Nothing like taking advantage of a parent’s willingness to do anything to make their sick babies feel better. Sigh
It breaks a parent’s heart to see their baby suffer, whether they’re staring up at you with those sad feverish eyes or dealing with the aftermath of a few vaccines. Unfortunately, this has opened the doors for drug companies to take advantage, charging significantly more for “infant” versions of their meds than children’s.
According to a pediatric ER doctor in Florida who goes by the TikTok handle @beachgem10, there is absolutely no difference between infant and children’s Tylenol—except the price. She explained the little-known fact in a recent post, captioned: “In the US, infant and children’s acetaminophen is the EXACT same, but the infant is way more expensive!”
In her “drug store hacks from a pediatrician” video, she shows the baby version, priced at $8.79 with a dose of 160 mg per 5 ml, compared to the children’s version, priced at $6.49 for the exact same dose and more actual medicine! That’s the difference between $4.40 per ounce and $1.62 per ounce.
The mom of four goes on to show that the only other differences are the dosage guide on the back and the fact that the infant version comes with a syringe. As an aside, she notes that “A pharmacist may also be able to help with dosage and a syringe.”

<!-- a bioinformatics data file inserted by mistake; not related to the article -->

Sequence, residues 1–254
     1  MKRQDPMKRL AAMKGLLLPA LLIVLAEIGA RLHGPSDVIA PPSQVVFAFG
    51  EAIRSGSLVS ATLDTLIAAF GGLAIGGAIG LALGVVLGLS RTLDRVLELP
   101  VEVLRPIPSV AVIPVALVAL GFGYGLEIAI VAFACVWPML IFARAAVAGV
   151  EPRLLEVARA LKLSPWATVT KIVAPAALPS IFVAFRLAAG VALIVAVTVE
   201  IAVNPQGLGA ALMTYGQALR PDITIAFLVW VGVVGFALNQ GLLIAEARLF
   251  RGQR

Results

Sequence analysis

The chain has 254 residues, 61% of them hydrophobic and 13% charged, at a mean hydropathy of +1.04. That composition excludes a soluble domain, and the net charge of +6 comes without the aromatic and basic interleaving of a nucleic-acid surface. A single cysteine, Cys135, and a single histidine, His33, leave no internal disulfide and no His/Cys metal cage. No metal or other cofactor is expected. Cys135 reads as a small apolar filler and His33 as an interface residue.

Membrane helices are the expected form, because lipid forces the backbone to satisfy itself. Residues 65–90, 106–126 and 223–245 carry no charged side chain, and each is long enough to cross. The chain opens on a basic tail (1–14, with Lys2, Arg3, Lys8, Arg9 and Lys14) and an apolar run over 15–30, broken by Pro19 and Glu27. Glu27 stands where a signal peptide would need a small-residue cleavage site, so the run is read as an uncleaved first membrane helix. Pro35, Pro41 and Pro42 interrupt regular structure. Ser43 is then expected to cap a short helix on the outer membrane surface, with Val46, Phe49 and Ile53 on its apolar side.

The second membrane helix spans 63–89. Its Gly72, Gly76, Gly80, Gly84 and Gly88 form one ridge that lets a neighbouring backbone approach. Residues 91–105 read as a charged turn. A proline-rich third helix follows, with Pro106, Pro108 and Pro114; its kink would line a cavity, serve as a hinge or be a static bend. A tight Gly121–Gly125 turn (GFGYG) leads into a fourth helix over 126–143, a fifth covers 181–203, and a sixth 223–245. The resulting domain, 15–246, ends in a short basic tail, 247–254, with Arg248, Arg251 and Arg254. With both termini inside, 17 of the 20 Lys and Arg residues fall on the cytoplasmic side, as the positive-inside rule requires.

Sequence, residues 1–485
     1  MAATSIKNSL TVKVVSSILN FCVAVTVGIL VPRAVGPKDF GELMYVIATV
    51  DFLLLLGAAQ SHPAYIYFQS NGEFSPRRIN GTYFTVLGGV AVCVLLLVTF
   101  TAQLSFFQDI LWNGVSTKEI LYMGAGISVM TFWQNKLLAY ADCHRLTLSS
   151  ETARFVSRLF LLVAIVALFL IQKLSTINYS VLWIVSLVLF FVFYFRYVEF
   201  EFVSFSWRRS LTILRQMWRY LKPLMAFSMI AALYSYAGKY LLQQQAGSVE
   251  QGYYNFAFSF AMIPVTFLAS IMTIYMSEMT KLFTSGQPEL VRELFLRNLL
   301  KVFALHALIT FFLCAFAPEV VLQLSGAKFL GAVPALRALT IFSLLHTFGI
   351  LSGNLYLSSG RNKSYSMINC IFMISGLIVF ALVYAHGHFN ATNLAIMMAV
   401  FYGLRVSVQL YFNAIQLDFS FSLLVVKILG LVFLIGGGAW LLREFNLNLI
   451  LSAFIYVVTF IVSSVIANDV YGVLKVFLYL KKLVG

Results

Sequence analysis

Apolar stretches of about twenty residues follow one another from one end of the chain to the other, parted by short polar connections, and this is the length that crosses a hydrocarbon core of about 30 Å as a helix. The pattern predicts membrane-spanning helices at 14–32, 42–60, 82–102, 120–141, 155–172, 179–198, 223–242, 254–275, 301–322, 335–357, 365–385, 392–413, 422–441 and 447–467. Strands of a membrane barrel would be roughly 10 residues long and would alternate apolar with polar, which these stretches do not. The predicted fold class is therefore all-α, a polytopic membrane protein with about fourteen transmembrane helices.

Now, there’s actually a back story here, which NPR looked into back in 2019. As it turns out, infant Tylenol used to be three times more concentrated than children’s to avoid giving babies too much liquid. Since it offered stronger medicine, it cost five times more per milliliter. But after a number of parents made dosing errors that caused their babies to become sick or, in some tragic cases, die, Tylenol-maker Johnson & Johnson adjusted the concentration to be the same as the version for 2- to 11-year-olds.
In a statement to NPR, a rep for the drug company said the reason they never adjusted the price is because the bottles are sturdier and they include the syringe. But Inma Hernandez of the University of Pittsburgh School of Pharmacy, who spoke to NPR at the time, wasn’t convinced—and neither are we.
“The cup versus the syringe doesn’t really explain the price difference in my opinion,” Hernandez explained. “They’re really cheap because they’re just plastic. When we think of what’s expensive in a drug, it’s actually the active ingredient, and the preparation of that active ingredient in the formulation, not the plastic cup or the syringe.”
So there you have it. Another tip you might not know, courtesy of @beachgem10? The dosage on infant Tylenol boxes is generally lower than recommended, so you can talk to your pediatrician about more appropriate amounts.
Just remember that, as far as Infant and Children’s Tylenol goes, she’s only referring to Tylenol in the United States. If you live outside the US, be sure to check with your ped to make sure the children’s version works for your baby.
Bless this doctor mom and her willingness to help parents navigate the sometimes unfair world of children’s medications. And color us more than a bit annoyed!